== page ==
When fans saw Keanu Reeves in Cyberpunk 2077, they went crazy. And when he appeared at E3 to charm them and promote the game, they went even crazier!
This arguably marked a turning point in games. In the past, celebrities appearing in games was a mixed bag. You were just as likely to get a dud of a game rather than something worthy of your fave celebs.
Wondering which celebrity games to try out and which to avoid like the plague? Here we go!
Best: Batman: Arkham Asylum (Mark Hamill)
Most fans know Mark Hamill as Luke Skywalker, the hero of a galaxy far, far away. However, he also has a robust voice acting career. At the center of this career? His performance as the Clown Prince of Crime!
Hamill voiced the Joker in the iconic Batman: The Animated Series. And he reprised this role (along with many of his cartoon colleagues) in the Batman: Arkham Asylum series of games.
And this isn’t just a good celebrity appearance in a game. Hamill offers the best Joker portrayal in history.
Best: Mass Effect 2 (Martin Sheen)
Martin Sheen is basically Hollywood royalty. And while son Charlie is known for his weird offscreen antics, Martin Sheen is mostly known for his serious onscreen gravitas.
And he brings that gravitas in heavy doses to the Mass Effect series. As the Illusive Man, he keeps you guessing about his motives even as you’re captivated by his performance.
You get your heaviest doses of Sheen in Mass Effect 2. Incidentally, this is the best entry in the series, so it’s very much worth playing.
Best: Grand Theft Auto: Vice City Stories (Phil Collins)
The Grand Theft Auto series of games slowly added more and more celebs. These included entertainers ranging from Axl Rose to Samuel L. Jackson. However, all of them had simply provided voices for fictional characters within the game universe.
That all changed with Grand Theft Auto: Vice City Stories. In this game, Phil Collins plays himself. And not in a brief cameo: he is the centerpiece of several different missions.
His appearance in the game is so weird as to be sublime. What could be weirder and wilder than saving Phil Collins from assassins while he performs his iconic “In the Air Tonight”?
Best: Saint’s Row IV (Keith David)
Keith David has enjoyed a very wild career. Whether he’s fighting aliens in They Live or hanging with students in Community, his presence is always one we enjoy.
In Saints Row IV, he plays a vice president who is kidnapped by aliens. What follows is a wild plot that reveals his character to be complex and multidimensional.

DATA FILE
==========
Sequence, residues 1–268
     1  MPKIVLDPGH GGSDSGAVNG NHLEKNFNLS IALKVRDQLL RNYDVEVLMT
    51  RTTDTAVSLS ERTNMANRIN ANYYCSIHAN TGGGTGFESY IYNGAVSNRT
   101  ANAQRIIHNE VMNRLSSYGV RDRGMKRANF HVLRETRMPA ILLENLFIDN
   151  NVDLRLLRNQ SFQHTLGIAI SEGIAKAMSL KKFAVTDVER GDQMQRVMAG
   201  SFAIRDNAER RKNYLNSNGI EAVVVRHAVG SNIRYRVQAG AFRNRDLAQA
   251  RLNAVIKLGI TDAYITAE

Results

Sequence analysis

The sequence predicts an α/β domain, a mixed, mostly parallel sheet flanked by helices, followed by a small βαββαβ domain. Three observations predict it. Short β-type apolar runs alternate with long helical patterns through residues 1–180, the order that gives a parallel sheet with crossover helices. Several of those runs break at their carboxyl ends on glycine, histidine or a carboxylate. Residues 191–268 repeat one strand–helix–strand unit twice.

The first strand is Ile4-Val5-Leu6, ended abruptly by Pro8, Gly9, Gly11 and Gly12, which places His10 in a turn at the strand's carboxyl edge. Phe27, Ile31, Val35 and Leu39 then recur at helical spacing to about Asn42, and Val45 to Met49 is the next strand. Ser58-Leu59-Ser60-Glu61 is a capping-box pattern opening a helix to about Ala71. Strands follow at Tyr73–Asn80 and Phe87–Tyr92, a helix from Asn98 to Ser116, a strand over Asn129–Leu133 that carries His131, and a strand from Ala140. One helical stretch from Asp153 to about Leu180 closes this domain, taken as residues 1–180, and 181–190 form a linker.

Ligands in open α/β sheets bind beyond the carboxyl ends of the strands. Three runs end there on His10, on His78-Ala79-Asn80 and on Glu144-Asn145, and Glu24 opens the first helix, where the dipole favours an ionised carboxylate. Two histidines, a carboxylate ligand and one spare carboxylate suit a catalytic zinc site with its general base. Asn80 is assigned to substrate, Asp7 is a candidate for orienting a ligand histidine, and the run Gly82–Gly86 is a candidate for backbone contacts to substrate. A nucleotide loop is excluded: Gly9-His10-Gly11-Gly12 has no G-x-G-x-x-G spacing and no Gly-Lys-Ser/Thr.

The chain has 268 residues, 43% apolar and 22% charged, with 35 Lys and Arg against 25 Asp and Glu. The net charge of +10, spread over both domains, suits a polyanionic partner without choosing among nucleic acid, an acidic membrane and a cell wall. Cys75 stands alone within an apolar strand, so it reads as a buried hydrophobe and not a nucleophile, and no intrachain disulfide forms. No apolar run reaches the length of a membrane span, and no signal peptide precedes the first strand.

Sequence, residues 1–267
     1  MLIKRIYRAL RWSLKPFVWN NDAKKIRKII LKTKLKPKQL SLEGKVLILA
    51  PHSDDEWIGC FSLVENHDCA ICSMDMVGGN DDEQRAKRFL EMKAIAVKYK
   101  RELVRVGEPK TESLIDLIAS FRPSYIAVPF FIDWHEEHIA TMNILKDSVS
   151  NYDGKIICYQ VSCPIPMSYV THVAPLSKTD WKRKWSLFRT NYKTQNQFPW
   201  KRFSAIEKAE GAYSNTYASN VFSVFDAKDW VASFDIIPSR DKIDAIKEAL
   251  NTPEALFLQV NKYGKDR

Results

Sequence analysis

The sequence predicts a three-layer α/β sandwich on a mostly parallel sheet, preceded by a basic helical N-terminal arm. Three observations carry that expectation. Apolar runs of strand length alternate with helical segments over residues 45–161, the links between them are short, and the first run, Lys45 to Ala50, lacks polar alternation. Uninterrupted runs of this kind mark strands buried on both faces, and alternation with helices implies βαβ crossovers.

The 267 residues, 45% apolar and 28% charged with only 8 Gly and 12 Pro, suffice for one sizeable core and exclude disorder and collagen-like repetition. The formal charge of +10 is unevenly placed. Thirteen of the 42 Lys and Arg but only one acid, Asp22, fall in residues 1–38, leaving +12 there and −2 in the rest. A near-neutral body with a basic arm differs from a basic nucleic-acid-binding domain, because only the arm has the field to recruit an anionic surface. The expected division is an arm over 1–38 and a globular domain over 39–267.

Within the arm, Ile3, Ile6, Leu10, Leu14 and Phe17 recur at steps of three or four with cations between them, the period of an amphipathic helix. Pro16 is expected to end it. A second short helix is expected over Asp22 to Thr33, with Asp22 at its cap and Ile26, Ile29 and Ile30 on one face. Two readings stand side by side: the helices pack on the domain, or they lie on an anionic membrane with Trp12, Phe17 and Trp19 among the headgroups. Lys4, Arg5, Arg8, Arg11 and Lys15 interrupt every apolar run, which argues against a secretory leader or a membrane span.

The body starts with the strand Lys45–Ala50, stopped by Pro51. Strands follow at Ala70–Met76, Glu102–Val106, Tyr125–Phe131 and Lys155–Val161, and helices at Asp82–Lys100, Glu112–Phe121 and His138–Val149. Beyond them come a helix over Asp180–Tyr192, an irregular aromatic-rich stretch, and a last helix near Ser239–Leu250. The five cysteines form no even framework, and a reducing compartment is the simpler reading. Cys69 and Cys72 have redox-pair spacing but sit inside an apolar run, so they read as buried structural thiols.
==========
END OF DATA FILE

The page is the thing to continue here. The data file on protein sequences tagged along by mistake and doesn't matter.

While the Saints Row games are intentionally silly, David walks the thin line between silly and fun that keeps the whole thing enjoyable.
Worst: Revolution X (Steven Tyler)
Fans have spent decades talking about musical revolution as a kind of metaphorical concept. Leave it to Aerosmith to take the whole thing literally.
Steven Tyler features prominently in the forgettable 1994 arcade shooter Revolution X. In this game, you alternate between shooting bullets and CDs at a series of generic wannabe Stormtroopers.
At the end of the day, this is a simple shooter whose peers (such as Terminator 2: Judgment Day) were far more memorable. And digitized Steven Tyler trying to act has not aged well at all.
Worst: Shaq-Fu (Shaquille O’Neal)
Shaquille O’Neil has always been charming, both on the court and off. So it’s no surprise that he has appeared in a few video games over time. Of course, most of those games reference his skills as a basketball player.
And then there’s Shaq-Fu, the 1994 game for Sega Genesis and Super Nintendo.
Instead of dunking on opponents, this game features Shaq using kung-fu moves to fight monsters in another dimension. While the premise is crazy enough to be cool, the game doesn’t know what it wants to be: it’s a crappy adventure game and an even crappier fighting game.
Ultimately, it’s the worst kind of celebrity game: a generic slog that seemingly just has a celeb slapped onto it.
Worst: Postal 2 (Gary Coleman)
It’s tough to fault a celebrity for loving video games. But it’s the love of gaming that landed Gary Coleman in 2003’s Postal 2, the sequel to the controversially violent first game.
Coleman does the best he can with a role that is basically built around his status as a pseudo-celebrity. However, the gameplay is bland and repetitive, and it’s tough to not view Coleman’s presence as a paper-thin marketing ploy.
Whether you love good games or just love Gary Coleman, it’s tough to love Postal 2.
Worst: Metal Gear Solid V (Keifer Sutherland)
Keifer Sutherland is a very gifted actor. From vampires to presidential saviors, he always manages to bring his A-game to the most unexpected roles.
However, his performance as Snake in Metal Gear Solid V was doomed from the start. Why? Because he’s no David Hayter!
Writer and actor David Hayter portrayed just about every voiced iteration of Snake in previous iterations of the series. Fans expecting his return performance instead got Keifer Sutherland.
We love you, Keith, but this is definitely the “dollar store” version of Snake’s voice!